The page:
When one considers the youth of South Africa in politics, people tend to think they would flock either to the ruling party or to the EFF. If the launch of the Democratic Alliance's manifest is anything to go by, it appears as if young people are attracted to their message of change.
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The weekend saw the Democratic Alliance launching their manifesto for the 2019 elections. The event had been attended by around 20 000 people, mostly young South Africans.
Victor Makeke, a 24-year-old unemployed man from Limpopo, attended with a group of friends and says that he would be putting his mark behind the party's name come May.
According to Daily Maverick, Makeke was born on the farm where he lives now with his family. His father also works at the farm, earning only R2 500 a month, both Makeke, his mother and his sister are unemployed.
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READ ALSO: Msimanga pleased with the DA's growth after manifesto launch turn out
When asked why he had turned his back on the ANC, who had enjoyed his support up until recently, he simply said that the party chose to empower friends and family over the people. What change is he after? Simply water and electricity, possibly even employment.
Thozi Mokhotho also attended the event. The 25-year-old is also unemployed, battling to find work despite having completed an education degree. Mokhotho is also hopeful that voting for the DA, hopeful that the change they speak of will come to pass. For her, a job would mean being rid of outstanding student fees.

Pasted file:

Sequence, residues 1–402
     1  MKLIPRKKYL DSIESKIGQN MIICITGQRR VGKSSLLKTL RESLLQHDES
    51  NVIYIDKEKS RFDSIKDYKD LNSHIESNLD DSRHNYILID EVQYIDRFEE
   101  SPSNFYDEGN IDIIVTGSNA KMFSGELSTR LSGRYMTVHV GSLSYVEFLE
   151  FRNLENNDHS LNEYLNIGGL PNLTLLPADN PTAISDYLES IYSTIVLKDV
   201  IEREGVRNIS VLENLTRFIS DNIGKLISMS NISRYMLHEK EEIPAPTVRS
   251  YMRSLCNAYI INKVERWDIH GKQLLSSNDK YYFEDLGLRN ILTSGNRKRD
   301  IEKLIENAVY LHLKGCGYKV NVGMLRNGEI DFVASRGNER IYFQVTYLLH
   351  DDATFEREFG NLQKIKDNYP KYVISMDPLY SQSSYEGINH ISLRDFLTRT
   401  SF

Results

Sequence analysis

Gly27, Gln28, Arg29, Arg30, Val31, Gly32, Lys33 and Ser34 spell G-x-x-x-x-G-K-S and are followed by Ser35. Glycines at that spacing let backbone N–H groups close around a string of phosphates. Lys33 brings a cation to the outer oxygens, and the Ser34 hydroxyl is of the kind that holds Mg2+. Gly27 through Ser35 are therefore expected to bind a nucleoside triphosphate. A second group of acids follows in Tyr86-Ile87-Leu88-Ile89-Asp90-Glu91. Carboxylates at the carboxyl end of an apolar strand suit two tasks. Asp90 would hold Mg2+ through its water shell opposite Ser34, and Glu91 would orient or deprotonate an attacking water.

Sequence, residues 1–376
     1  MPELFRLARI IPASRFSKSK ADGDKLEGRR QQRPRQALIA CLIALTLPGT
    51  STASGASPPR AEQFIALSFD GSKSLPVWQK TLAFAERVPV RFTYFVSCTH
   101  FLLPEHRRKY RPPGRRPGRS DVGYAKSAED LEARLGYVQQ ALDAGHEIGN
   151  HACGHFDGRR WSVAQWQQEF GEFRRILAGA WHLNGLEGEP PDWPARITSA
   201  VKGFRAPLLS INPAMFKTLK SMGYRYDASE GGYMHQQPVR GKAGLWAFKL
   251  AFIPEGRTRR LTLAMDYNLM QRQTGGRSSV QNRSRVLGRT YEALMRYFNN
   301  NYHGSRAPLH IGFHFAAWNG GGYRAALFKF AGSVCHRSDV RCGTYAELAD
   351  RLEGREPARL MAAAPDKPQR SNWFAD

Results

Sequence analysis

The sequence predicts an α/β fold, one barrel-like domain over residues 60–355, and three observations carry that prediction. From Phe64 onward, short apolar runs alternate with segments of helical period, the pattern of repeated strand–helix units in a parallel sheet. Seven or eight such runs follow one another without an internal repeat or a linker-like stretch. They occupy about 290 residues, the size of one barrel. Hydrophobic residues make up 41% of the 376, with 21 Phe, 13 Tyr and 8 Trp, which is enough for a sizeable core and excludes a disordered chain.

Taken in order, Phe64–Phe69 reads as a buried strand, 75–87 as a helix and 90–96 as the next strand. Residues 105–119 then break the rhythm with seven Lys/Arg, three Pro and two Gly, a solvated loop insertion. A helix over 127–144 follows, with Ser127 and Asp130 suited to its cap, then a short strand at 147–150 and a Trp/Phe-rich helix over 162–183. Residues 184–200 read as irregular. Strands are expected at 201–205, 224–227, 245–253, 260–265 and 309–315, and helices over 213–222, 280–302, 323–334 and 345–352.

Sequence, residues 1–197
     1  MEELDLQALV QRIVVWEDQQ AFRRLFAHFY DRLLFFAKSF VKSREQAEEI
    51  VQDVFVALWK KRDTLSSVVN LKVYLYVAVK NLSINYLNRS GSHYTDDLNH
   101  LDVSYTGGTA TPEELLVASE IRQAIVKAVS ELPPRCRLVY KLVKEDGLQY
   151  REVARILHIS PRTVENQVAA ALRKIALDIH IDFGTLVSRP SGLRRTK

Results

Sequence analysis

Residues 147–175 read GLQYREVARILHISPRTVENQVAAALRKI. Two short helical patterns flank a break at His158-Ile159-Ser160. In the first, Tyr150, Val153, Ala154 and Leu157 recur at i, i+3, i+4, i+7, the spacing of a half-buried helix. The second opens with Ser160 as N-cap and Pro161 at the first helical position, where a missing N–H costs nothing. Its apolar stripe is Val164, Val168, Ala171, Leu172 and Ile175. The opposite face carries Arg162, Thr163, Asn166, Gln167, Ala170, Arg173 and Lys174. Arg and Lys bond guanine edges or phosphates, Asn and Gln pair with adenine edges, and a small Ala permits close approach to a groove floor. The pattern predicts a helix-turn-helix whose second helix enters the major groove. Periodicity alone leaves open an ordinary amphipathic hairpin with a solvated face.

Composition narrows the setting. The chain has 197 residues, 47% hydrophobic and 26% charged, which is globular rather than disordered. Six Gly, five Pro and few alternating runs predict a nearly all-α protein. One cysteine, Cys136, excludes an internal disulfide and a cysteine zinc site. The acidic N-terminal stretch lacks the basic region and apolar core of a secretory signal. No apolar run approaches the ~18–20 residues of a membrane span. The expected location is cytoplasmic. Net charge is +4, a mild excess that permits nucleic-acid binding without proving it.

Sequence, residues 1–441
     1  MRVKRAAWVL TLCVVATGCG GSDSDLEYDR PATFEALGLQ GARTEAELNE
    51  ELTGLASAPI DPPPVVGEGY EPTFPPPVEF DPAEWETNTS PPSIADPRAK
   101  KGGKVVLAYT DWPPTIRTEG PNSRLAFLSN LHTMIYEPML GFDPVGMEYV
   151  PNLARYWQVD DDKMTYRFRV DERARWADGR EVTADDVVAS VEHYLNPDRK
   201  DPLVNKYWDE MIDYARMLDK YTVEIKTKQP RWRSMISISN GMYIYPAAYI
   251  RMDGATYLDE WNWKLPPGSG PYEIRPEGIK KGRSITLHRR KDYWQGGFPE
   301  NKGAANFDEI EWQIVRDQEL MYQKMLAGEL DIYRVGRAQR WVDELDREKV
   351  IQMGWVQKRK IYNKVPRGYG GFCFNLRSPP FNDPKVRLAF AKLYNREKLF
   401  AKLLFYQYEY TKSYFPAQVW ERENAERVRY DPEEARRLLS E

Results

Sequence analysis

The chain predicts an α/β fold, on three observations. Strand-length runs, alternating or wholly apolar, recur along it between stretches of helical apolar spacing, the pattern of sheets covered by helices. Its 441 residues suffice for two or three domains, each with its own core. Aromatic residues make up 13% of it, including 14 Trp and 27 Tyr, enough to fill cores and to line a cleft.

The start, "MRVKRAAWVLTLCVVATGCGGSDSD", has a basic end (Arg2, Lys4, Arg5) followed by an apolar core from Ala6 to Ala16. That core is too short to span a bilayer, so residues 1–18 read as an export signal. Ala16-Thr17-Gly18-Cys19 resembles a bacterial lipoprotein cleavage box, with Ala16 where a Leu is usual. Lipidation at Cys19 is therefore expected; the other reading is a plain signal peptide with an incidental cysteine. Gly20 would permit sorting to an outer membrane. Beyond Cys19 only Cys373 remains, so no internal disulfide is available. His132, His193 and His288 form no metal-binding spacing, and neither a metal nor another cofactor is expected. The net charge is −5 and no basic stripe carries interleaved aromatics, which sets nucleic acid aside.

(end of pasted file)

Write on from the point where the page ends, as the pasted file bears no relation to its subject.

Nolubabalo Samela is yet another young South African who is unemployed. Samela revealed that she never goes hungry thanks to a DA member in her area caring for her. Job creation and service delivery is part of what attracted her to the party in the first place, something she would like to see take place in her community.
Briefly.co.za reported earlier that the manifesto launch had been heralded as proof of the party's growth by Solly Msimanga, mayor of Tshwane and premier hopeful. However, only time will tell which party will win the favor of South Africans come May.
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